In the above example, I wanted to take a list of logos and URLs on Heroku’s “Partners” page, and turn it into a spreadsheet of company owners, contact emails, locations, company size, technologies, and so on. I ended up using this to cold contact a number of candidates for my SaaS, Planscope, which worked very well. I’ll be showing you how I bulk contacted these leads in a minute.
2. Create a simple screencast that shows exactly what you need done
I’d recommend that Jordan hires two or three candidates who apply to his job posting, and produce a short little screencast that demonstrates exactly what he needs done. Again, and for lack of a better way of putting it, what you’re looking for is a human machine — not a consultant.
While that’s happening, he should record a screencast that shows himself doing exactly what he wants the person he ends up using on this project to do.
In this case, it’s probably something like:
- Find a medium sized ecommerce business. Sites like NerdyData can make it easy to find sites built off some of the common ecommerce platforms.
- Go through the buying experience. Create an account (using a Gmail address shared with Jordan) and add some stuff to a new cart. Quickly look through their code to see if there’s any Optimizely or Visual Website Optimizer code. Try to move the mouse to the top of the browser window – did anything come up to try to stop them from doing that?
- Wait a few days. Did the website followup with you at all? Have you gotten any sort of email from them other than, “Your account’s been created?”
- Note the company name, a direct email address, the URL, a phone number, and the results of what we found above.
Once he’s produced this video using software like ScreenFlow (for Mac) or Camtasia, he’ll upload it to YouTube and mark it as unlisted. He’s now going to share this video with the people he’s interviewing for the position, and hire them conditionally to try this out on a handful of possible candidate companies.
3. Generate a lead list
If you end up doing something like this for yourself, you might be tempted to try to generate a massive list of leads.
I’d start small — maybe 50.
You’re going to want to use something easily shareable, like a Google Spreadsheet. This will also help you keep track of what the person (or people) you hired are working on.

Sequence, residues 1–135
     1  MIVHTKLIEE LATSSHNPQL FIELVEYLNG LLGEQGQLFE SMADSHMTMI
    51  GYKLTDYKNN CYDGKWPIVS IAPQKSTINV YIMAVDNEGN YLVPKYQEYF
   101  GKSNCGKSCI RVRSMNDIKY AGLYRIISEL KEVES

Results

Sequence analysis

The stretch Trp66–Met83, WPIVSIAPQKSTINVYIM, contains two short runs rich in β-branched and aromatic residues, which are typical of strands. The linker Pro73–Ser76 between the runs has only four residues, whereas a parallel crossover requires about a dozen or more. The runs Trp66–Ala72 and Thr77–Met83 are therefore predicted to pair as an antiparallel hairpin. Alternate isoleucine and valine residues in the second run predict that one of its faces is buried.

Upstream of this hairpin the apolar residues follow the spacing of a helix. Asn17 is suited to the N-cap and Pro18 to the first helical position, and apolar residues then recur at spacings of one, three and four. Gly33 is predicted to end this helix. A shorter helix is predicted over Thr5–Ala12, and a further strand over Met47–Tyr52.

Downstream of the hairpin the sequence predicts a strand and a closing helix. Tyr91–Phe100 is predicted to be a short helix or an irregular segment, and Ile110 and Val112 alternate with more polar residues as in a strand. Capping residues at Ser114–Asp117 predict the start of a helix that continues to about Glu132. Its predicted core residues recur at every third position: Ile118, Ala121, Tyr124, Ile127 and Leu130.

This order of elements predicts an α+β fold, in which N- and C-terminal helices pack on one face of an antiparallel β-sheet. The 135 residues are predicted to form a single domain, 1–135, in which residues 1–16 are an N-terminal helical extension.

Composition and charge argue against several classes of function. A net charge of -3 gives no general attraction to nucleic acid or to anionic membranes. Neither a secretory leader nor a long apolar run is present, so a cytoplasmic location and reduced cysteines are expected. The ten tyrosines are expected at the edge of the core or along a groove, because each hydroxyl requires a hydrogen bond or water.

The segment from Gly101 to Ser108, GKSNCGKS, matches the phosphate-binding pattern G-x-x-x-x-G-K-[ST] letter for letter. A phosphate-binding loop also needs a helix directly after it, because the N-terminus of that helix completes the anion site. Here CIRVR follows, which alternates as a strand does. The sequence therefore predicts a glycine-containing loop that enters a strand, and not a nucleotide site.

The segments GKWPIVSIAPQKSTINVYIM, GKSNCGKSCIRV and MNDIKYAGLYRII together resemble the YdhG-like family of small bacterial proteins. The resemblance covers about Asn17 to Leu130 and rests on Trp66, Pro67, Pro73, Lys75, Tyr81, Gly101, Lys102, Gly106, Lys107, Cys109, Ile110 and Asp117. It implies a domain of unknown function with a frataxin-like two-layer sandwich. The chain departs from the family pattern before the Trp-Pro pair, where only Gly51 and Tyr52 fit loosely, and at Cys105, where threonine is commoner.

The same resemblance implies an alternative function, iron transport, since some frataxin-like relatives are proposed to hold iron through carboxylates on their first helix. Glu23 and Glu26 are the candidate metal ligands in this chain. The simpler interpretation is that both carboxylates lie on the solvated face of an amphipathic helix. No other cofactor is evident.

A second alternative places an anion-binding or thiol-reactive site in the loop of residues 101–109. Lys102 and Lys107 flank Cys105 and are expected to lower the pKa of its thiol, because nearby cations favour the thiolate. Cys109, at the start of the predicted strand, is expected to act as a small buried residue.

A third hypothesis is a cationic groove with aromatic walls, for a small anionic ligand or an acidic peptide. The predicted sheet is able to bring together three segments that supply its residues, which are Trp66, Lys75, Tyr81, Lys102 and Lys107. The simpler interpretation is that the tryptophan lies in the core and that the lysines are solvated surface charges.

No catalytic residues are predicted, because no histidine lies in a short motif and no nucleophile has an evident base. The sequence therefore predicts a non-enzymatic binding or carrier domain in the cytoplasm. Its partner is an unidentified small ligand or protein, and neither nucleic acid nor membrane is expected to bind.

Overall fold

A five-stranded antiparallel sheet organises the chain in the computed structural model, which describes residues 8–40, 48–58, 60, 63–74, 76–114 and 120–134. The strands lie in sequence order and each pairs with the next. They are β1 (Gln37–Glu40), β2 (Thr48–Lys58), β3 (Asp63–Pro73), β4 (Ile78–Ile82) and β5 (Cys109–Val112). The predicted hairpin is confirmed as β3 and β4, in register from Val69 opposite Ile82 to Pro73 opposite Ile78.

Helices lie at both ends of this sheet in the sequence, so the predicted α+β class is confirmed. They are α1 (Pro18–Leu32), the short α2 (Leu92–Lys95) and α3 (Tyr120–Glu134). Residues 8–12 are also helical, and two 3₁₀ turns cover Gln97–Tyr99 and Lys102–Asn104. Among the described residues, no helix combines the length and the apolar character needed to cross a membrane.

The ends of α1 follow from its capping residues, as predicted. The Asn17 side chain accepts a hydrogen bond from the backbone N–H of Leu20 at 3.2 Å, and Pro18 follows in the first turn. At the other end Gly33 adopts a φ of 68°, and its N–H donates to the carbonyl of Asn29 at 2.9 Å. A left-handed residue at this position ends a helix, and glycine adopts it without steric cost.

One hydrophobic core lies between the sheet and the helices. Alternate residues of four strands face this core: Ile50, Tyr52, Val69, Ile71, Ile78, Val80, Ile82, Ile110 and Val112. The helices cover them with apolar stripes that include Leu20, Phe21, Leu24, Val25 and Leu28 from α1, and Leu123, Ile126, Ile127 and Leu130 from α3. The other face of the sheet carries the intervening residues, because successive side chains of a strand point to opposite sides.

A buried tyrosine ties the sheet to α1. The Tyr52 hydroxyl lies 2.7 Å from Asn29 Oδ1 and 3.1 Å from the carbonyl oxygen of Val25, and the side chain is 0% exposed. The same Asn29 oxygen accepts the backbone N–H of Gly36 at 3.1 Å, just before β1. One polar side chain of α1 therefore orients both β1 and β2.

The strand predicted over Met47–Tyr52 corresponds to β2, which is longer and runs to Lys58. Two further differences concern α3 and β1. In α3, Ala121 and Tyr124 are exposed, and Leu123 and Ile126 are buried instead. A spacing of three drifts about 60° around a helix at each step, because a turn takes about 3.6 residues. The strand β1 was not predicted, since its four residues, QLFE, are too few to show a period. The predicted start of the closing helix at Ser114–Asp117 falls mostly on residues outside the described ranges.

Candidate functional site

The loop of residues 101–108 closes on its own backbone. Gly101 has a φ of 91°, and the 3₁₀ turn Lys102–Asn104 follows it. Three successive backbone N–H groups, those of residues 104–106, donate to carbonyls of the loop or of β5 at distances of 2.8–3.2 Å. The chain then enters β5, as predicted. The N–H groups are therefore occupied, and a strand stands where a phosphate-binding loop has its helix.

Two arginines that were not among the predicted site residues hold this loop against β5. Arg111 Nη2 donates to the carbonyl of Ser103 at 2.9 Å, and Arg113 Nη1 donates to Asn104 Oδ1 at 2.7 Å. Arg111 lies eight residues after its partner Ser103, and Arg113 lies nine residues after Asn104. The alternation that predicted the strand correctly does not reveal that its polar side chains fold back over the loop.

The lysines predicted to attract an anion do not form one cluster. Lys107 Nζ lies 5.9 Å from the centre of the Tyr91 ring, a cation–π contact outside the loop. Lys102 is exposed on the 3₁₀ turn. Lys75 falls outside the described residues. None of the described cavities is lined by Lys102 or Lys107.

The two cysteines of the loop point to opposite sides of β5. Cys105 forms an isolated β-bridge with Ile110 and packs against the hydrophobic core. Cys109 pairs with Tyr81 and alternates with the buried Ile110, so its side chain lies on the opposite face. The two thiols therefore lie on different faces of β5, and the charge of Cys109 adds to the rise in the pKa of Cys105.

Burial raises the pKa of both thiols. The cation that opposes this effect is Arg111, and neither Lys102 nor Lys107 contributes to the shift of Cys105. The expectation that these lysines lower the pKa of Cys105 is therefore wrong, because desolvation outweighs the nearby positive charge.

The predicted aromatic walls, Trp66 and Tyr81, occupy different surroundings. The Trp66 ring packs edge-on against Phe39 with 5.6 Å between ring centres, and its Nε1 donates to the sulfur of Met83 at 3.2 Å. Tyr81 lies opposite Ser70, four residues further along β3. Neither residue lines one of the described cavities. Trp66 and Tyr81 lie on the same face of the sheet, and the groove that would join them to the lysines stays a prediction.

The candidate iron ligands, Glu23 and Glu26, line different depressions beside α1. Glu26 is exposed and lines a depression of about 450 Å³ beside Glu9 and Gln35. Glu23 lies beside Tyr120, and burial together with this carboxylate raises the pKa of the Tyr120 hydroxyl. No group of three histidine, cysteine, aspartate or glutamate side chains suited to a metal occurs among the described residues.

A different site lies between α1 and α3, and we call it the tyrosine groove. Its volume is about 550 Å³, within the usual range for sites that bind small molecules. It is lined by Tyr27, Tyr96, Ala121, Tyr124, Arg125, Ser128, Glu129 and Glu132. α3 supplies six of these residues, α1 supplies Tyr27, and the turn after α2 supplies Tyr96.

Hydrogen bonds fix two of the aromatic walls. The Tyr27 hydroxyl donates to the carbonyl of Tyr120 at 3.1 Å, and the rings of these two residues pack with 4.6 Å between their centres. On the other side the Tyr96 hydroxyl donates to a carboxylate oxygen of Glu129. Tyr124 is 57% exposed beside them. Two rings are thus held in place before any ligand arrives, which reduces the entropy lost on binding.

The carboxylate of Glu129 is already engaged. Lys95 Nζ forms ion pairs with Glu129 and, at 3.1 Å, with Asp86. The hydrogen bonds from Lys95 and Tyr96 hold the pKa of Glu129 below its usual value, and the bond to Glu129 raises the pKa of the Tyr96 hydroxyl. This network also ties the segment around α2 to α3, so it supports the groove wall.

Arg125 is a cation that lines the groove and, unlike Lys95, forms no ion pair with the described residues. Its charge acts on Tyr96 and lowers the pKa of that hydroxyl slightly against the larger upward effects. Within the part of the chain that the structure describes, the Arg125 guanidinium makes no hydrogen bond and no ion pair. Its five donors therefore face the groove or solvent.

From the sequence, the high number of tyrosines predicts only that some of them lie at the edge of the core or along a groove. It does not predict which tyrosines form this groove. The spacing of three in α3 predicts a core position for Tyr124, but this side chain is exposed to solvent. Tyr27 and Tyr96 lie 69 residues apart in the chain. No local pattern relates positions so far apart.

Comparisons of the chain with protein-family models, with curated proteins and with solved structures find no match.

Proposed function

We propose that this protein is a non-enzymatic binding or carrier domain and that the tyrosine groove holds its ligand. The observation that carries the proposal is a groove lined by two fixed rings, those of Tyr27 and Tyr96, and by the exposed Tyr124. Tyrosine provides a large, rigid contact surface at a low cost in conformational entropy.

You’re going to end up using this data to help you write the emails you’ll be using to cold pitch these companies.
4. Contact your leads
In the above example, I showed you a job listing I put on oDesk for generating a list of web agencies. I ended up getting about 600 companies in my spreadsheet. 40 of them responded, 20 of which became phone calls, 14 signed up for trials, and 6 converted to my $99/$199 tiers, each of which have lifetime values in the thousands of dollars.
So I ended up making $12,000+ in sales for something that cost me a few hundred dollars on oDesk and 20 phone calls. Not too shabby, especially since — at that point of my business — I was interested in learning as much as I was in selling.
For your business, your margins should be significantly higher. People like my friend Joe could conceivably pay Jordan a few thousand a month for his productized service, and quickly end up as accounts worth tens of thousands of dollars each.
You’re probably asking yourself: Did I really write 600 emails?
I used Tout, which is a great little app that lets you pull in a spreadsheet (like the one above), stuff it into a template, and fire off emails. It’s a bit like Mailchimp or any given email marketing application — but tailored for high-touch sales.
Tout will also show you who read your emails and who responded, which is super useful for refining your templates over time (you want to end up using the pitch that gets the most responses, and ultimately, sales).
But don’t sign up for Tout just yet.